“Well on the first day of the reintegration, we finish at about ten in the morning. I drive back to my house, walk inside and say out loud, while no one is listening, “what the fuck am I supposed to do all day.” I felt this way all week until I finally flew back to New York and see my family.”
“What did you do all day?”
“I read, I watched TV, I ate out at some nice restaurants, and drank. I went out to some bars and clubs almost every night. I didn’t do all that great trying to pick up some girls, but just talking to other humans was a high all by itself. I reached a point where I looked forward to work, I looked forward to the next deployment where I would be around my friends.”
“Not everyone feels the same you know. Some people are alone in crowds. You remember Curt Cobain?”
“Sure, lead singer of Nirvana. One of the top all time bands.”
“And he killed himself. In his prime, on top of the world.”
The Chaplain finished speaking, and introduced one of Shelton’s friends. Again, the difference between other ceremonies we attended and this were stark. A few weeks ago Rob and I both sat in Sergeant Mario Washington’s memorial. That event began with the National Anthem. Memorials for victims of suicide had no accompanying soundtrack. But that’s the key, for the most part soldiers who killed themselves were for the most part not considered victims.
“I looked at Rob and said, “I hope he found peace.”
“I don’t think he did,” Rob replied.
“You don’t think he’s in a better place?”
“I don’t. You know how I feel and what I believe. Suicide is a one way ticket to damnation.”
“I think that’s a bit much.”
“You think Shelton believed that?”
“I don’t know. Perhaps he believed in hell. Maybe he thought that whatever pain eternal damnation offers was an improvement. If there is a just god, I don’t think he or she would punish a soul for that.”
“This is where you and I differ James. Shelton had a choice, and of his own free will he killed himself. He let down others in his squad, platoon, and so forth. Tomorrow morning when they wake up, there is one less person to pull security on patrol. In ending his own life, he made it harder on others to live theirs. He gets what he deserves in the afterlife.”
Shelton’s first friend approached the podium and spoke. He talked about what a great kid Shelton was, and how hard of a worker Shelton was. Each line seemed more superficial than the last. It quickly became clear that Shelton had colleagues and platoon mates, but lacked any true friends. This was equally clear to the other fifteen soldiers in the bleachers. Shelton was surrounded by men and women at every turn. At no point in his tour was he ever more than a few feet from another soldier, yet no one seemed to know him.
When the first soldier was through with his speech, Rob looked at me and asked, “Do you even believe in the idea of eternal damnation?”
I answered, “No, not at all. I don’t buy the concept of heaven and hell.”
“I’ll never buy into the concept that my actions and how I treat other people should be based on the idea of a reward or punishment. I know, it is an old and tired argument to make, but that’s just how I see the world. This one and the next.”
“You’re saying there is a next world?”
“I have no idea. I know as much about an afterlife as everyone else living on this planet. No more, and no less. Everything you know, or claim to know is faith.”
“It is faith. And my faith is strong. I go back to the argument of purpose. If there is nothing, or nobody judging our actions, then we have no purpose here. We’re just a species that eats, sleeps, fucks, and shits. Nothing more and nothing less. I simply can’t buy into that philosophy. Good and evil exists, you make a choice, and live eternally with the consequences.”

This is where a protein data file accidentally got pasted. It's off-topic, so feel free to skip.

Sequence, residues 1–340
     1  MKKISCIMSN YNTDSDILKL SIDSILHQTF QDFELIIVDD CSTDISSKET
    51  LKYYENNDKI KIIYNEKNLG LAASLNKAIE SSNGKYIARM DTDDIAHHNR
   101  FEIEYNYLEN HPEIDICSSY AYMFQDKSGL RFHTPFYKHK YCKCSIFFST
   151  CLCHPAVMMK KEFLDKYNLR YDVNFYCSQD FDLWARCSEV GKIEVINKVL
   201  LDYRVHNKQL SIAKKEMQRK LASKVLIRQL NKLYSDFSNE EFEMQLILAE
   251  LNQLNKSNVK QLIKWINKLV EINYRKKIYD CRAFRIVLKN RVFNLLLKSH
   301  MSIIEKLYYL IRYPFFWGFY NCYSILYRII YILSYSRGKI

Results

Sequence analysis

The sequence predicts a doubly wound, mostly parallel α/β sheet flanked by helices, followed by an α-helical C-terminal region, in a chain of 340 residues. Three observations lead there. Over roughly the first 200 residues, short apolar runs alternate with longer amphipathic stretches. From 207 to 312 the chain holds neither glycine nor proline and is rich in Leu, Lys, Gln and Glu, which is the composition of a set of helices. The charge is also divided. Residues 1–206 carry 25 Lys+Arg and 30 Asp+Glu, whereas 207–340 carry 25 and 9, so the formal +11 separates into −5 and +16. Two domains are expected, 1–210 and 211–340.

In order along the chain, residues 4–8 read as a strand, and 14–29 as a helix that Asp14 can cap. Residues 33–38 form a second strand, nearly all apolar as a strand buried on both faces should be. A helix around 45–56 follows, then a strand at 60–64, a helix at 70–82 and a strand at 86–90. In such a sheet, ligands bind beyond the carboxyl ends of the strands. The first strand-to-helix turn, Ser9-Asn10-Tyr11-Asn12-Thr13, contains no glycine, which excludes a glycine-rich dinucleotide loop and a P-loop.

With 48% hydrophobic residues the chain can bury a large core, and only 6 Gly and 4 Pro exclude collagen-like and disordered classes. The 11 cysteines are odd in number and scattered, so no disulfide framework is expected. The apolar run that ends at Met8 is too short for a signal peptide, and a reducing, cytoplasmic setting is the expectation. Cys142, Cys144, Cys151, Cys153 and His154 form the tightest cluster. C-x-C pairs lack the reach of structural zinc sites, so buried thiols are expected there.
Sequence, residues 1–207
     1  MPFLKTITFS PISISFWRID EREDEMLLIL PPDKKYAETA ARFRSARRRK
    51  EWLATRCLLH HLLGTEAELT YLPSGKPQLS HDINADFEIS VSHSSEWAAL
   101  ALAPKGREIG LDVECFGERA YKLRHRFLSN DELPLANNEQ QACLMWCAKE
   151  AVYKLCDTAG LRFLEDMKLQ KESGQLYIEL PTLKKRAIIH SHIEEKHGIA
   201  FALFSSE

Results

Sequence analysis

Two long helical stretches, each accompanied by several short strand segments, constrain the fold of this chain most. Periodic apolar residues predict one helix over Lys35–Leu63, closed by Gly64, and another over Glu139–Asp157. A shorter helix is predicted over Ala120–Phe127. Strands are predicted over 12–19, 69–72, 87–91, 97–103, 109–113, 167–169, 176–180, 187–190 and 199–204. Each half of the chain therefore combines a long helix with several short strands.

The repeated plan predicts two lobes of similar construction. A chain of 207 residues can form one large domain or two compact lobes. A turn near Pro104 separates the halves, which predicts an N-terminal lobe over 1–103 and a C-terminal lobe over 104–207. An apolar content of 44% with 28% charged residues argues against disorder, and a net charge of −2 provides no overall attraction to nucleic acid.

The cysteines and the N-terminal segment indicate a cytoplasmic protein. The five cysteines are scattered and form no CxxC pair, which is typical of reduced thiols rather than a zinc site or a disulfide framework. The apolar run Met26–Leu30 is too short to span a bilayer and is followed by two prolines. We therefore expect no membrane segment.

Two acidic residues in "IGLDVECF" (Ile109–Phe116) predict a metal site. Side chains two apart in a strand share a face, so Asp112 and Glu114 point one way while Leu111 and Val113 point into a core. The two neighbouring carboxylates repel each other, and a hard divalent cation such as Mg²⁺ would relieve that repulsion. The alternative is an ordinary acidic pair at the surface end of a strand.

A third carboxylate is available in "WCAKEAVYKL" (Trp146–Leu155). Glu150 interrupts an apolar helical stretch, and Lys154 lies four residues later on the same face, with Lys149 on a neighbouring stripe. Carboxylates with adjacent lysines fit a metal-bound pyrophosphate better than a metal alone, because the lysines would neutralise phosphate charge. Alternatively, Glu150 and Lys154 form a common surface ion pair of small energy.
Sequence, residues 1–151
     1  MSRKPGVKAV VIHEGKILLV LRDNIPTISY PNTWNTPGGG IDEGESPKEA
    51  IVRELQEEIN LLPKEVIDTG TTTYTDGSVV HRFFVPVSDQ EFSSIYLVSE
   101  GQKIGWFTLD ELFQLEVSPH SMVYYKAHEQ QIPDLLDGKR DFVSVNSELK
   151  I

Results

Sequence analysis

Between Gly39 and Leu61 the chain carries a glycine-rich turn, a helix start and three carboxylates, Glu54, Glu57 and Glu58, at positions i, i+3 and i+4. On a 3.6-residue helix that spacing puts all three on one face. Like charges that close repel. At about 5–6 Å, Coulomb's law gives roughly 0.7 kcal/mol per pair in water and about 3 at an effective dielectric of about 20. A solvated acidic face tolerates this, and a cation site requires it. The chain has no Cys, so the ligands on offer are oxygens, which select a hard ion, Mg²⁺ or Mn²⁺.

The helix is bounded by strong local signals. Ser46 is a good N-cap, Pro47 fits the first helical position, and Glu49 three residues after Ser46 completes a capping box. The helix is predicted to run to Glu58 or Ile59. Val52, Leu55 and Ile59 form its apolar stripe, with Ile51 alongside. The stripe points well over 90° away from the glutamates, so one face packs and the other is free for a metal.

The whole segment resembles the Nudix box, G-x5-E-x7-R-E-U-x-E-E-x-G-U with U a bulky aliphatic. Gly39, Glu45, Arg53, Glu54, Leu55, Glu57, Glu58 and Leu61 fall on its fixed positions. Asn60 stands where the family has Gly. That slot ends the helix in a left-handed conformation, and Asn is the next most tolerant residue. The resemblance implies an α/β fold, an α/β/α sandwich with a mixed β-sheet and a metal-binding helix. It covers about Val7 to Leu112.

“Good and evil don’t exist, people do.”
Before I could continue the argument, a second soldier approached the podium and began to speak. He spoke for a couple minutes, followed again by the chaplain. Here was another difference. At Mario’s ceremony, his company performed the roll call followed by the 21-gun salute. The roll call began with the company first sergeant calling out the names of three soldiers still in the unit. The soldier stood up and loudly thundered “Here First Sergeant.” Then came Mario’s name followed by a few seconds of silence. The seven man honor guard then fired their three volleys for the 21-gun salute, immediately followed by a lone bugler playing Taps. Shelton’s ceremony had none of this.
“Only two friends,” I said aloud.
“Yeah,” Rob said. “I don’t think he had too many.
“I think that was part of his pain. I told you before it’s friendships that get me through this war. From my first deployment a couple years back, right up until now, I don’t see how I do it without them.”
“You don’t talk much about your friends from previous units. Why is that?”
“I don’t keep in touch with them”
“So they keep you sane and help you emotionally get through a deployment, and now you don’t talk to them?”
“Army friendships tend to work like that. Take my time at basic training, for eight weeks I forged some close friendships. A group of us ate, shit, and slept together, and the moment we walked in the graduation parade was the last moment I heard from them. Life starts getting in the way. The way we bounce from one place to another, you can’t cling to old friendships; you have to make new ones.”
Rob sighed. He looked straight ahead as the chaplain approached the podium and said, “That’s how you wind up alone.”
The chaplain said a final prayer and the theme to Glory played over the speakers. Those in attendance simply got up and walked to their tents, to their office, or over to the chow hall for a late dinner.
I looked at Rob and asked, “Should we give a final salute?”
“I don’t think we do this time.”
All previous ceremonies concluded with nearly every soldier in attendance, from generals to privates approaching a memorial with the dead soldier’s picture, and offering a final salute. Some generals, colonels, and sergeant majors would drop a coin next to the framed picture.
Rob and I climbed off the bleachers. Rob looked at me and said, “I’m headed over to the headquarters, going to give the wife and kids a call. I haven’t talked to them in a couple days. I’m not headed outside the wire tomorrow. Let’s have lunch.”
I nodded my head, and replied, “Absolutely, tomorrow is Tuesday, I never miss Taco Tuesday.”